5S Swim Program - 2018
More than 50 young people participated in CareSouth’s 5S program - Southern, Surf, Swim, Safety, Social – during the recent April school holidays.
The intensive water safety program, a joint initiative of CareSouth and McKeon’s Swim School to address the alarming rate of childhood drownings in Australia, provides free swimming lessons and surf safety education for up to 60 vulnerable children. The program was funded using a generous grant from Berkeley Sports Club and The Illawarra Yacht Club.
The two-day program, coordinated by CareSouth’s Raelene Sousa, is designed for young people who have had limited exposure to swimming and surf safety due to cultural, economic or family barriers. Young people from CareSouth’s Champions (formerly Aunties and Uncles) Out-of-Home Care and Brighter Futures programs, and external organisations including Bundaleer and Barnardos, attended the school holiday workshops.
Raelene said the program addresses social equity and inclusion as many low income families are unable to afford swimming lessons or structured activities during school term breaks. “For many of the young people who attended, this was the first time they had participated in a swimming lesson,” said Raelene. “And they loved it, many of them didn’t want to get out of the water.”
McKeons Swim School Program Coordinator Nicole Costello said it was rewarding to watch the students’ confidence in the water grow each day. “We have seen an improvement in their abilities in such a short time,” said Nicole. “One student didn’t want to get in the water and refused to put her head in, but by the end of the two days she was swimming underwater. “It is so important for every child to have access to swimming lessons and that’s the beauty of this program, it targets children who might not otherwise get to experience lessons.”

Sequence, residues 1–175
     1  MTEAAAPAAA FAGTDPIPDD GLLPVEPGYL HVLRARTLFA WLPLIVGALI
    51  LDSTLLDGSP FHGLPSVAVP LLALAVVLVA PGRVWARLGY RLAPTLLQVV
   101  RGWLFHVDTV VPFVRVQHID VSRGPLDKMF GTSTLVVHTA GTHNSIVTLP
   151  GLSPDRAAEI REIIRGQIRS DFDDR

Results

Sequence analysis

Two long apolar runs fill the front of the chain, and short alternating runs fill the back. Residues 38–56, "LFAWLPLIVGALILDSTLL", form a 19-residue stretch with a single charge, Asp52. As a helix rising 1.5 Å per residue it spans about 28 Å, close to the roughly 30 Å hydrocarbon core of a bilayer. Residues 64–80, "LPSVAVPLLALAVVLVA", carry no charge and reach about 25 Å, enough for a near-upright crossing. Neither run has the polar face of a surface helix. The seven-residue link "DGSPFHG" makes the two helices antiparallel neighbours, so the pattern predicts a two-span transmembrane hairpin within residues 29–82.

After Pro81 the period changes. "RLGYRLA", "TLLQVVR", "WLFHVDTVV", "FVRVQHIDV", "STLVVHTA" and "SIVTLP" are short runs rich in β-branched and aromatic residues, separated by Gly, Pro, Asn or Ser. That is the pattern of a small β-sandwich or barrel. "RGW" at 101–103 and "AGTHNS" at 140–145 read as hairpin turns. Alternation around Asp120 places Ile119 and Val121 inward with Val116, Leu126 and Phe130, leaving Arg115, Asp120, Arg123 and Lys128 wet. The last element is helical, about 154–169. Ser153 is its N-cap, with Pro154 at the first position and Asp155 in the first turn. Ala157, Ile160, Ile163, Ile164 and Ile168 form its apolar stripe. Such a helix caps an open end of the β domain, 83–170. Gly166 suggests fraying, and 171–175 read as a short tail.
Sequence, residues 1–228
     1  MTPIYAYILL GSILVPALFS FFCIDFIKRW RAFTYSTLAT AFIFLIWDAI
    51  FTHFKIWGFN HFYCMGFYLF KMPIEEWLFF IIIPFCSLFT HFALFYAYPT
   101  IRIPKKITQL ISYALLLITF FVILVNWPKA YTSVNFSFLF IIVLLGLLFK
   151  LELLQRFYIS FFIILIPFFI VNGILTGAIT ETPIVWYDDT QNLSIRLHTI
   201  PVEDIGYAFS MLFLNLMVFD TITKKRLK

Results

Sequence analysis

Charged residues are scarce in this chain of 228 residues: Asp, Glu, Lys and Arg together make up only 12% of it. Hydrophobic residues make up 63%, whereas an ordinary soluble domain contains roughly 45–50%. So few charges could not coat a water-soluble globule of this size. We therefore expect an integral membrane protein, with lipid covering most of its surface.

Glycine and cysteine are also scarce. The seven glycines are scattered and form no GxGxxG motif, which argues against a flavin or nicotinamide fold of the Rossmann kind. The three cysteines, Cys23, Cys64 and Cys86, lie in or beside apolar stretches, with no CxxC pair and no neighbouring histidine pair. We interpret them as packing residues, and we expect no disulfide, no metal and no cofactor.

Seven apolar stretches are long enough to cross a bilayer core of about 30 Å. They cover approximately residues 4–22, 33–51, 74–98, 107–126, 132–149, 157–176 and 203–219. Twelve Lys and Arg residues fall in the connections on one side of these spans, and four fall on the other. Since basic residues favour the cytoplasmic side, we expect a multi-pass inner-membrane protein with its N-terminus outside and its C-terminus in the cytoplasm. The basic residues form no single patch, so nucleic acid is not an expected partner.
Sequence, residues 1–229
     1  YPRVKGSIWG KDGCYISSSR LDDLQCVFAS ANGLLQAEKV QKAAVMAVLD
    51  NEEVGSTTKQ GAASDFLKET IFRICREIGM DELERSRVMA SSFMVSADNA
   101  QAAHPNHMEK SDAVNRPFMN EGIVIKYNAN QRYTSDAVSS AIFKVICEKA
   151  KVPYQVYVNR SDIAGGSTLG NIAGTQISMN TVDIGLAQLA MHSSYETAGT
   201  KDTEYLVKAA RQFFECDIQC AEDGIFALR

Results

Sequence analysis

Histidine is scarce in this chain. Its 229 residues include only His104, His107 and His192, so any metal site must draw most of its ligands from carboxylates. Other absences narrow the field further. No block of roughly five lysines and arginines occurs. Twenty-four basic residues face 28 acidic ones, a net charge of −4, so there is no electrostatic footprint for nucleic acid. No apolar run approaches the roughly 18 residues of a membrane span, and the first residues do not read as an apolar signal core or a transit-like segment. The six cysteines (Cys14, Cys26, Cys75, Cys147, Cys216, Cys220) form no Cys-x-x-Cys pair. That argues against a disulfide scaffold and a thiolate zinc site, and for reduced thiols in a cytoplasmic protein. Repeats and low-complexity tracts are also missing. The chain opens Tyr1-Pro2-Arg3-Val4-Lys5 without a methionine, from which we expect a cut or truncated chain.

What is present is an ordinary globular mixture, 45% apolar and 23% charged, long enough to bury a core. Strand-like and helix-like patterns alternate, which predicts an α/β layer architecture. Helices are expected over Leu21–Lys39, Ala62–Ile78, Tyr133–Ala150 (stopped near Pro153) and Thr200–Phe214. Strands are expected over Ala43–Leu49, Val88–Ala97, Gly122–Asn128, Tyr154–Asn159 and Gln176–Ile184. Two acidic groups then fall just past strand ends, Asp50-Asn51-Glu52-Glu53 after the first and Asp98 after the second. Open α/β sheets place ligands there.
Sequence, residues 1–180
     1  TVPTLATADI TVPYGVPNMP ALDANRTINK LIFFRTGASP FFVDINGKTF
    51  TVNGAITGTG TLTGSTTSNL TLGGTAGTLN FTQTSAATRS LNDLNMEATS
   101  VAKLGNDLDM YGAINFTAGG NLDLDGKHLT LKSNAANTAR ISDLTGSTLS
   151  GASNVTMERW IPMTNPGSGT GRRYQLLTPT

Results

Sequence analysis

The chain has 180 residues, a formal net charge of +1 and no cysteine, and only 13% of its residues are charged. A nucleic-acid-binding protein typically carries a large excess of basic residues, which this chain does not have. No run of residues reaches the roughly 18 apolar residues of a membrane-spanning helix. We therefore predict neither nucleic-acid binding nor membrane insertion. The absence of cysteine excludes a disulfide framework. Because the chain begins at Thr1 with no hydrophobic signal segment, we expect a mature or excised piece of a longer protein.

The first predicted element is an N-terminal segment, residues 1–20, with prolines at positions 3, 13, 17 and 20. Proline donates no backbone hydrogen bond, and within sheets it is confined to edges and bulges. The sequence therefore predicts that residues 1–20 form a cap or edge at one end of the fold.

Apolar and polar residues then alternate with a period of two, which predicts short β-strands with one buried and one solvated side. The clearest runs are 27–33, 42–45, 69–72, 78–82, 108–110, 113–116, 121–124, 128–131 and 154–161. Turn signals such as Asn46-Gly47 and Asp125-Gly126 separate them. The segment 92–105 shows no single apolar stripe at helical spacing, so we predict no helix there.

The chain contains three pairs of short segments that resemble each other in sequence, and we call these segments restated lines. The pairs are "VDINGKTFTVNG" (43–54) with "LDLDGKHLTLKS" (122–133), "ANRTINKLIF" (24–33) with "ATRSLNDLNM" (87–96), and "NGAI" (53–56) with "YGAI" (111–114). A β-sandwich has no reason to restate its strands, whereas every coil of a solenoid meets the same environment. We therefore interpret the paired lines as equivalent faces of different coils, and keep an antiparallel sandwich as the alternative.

A recent Royal Life Saving Society report found 83 per cent of 12-year-old children couldn’t tread water for two minutes, the society’s benchmark for children by the time they finish primary school. The report also found 40 per cent couldn't swim 50 metres of freestyle or backstroke, and one third couldn’t swim 25 metres of survival strokes. Without these lifesaving skills these young people were more vulnerable as teenagers when they were less likely to be supervised while swimming, boating or snorkelling.
The report also found it took an average of 30 private lessons - ranging from $15 to $22 per lesson, over 12-to-15-months - before a child could swim 50 metres. More affluent families accounted for 57 per cent of all children who attend swimming classes.
Raelene said the 5s program caters for vulnerable children and young people who may not have financial access to weekly swimming lessons, with studies showing that swimming was a public health intervention that was low cost with a high return on investment. She said the 5S program also offers scholarships to young people who are willing to commit to weekly swimming lessons.
If you would like more information about CareSouth’s programs please contact 1300 554 260 or visit the website at www.caresouth.org.au